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Facebook Acquires FriendFeed

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Facebook has acquired the two-year-old startup FriendFeed, which has built a Web-based tool that enables people to interact with multiple social networking platforms all in one place. Terms of the deal were not disclosed.

The Mountain View, Calif.-based FriendFeed was founded by four well-regarded ex Google executives, including Bret Taylor—who launched Google Maps and Paul Buchheit—the brains behind Gmail. The idea behind FriendFeed is to simplify digital communications by allowing users to share information, links, videos and the like through multiple communications platforms, including Twitter, Facebook and email. Users can then carry on an live conversation with different friends groups, regardless of what platform those friends are using.

Facebook officials said that all 12 FriendFeed employees will be retained as part of the acquisition, and FriendFeed’s four founders will assume senior roles within Facebook’s engineering and product teams.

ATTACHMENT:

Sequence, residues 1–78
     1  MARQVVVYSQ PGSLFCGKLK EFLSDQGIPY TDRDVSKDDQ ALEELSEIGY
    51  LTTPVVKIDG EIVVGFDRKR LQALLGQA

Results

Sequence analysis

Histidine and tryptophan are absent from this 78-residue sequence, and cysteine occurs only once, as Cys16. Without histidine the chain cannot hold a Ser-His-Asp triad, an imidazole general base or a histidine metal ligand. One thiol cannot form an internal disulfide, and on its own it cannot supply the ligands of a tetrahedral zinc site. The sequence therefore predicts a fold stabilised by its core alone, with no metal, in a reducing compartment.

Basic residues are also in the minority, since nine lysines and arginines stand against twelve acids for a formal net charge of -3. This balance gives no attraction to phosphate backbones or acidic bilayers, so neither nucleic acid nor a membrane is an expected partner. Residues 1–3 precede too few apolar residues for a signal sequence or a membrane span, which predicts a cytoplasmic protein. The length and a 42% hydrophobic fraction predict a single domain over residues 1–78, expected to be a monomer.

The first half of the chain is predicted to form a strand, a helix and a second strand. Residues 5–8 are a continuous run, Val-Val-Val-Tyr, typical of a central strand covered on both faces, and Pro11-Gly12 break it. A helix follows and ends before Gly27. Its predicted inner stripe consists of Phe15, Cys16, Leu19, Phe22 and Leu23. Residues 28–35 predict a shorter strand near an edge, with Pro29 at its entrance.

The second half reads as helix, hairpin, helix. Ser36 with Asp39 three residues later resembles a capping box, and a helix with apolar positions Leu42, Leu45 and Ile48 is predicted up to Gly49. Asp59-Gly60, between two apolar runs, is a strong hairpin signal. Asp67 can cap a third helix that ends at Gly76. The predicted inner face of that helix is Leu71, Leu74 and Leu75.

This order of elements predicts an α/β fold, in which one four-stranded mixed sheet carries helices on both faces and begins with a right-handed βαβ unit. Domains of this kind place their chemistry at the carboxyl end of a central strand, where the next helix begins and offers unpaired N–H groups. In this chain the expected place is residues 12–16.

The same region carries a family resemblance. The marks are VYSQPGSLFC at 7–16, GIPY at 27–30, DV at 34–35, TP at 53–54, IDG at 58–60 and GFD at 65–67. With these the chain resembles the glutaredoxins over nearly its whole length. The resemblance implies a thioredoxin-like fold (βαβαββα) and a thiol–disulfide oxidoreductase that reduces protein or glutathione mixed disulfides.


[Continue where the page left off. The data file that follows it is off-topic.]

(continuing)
The acquisition of FriendFeed would not appear to have any immediate revenue or advertising implications for Facebook. However the startup is one of several companies at the forefront of “real time” communications on the Web, a concept which has been buoyed by microblogging services Twitter and soon adopted by Facebook as well as the portals AOL and Yahoo.

Some advocates of this highly integrated and instantaneous communications phenomenon see it having a major impact on content delivery and search—as more Web users potentially opt to receive information through friends circles rather than publishers and media companies.

But for Facebook, FriendFeed’s technology may simply make it easier for users to consume and share content on the site, and for advertisers to attach their messages to popular content. Neither are Facebook strengths currently, according to Michael Burke, president and founder of the social networking application rep firm appssavvy. “Facebook is a great place for to publish content, status updates and photos, but it’s a lousy place to consume content,” he said. “Basically, you can’t organize all that well nor can you effectively search inside or outside your friend network.”

Burke added: “The goal with FriendFeed...should be to help users manage, aggregate and search this content. In addition, from an advertising standpoint, all of this should create more activity around the content, and that should create advertising opportunities.”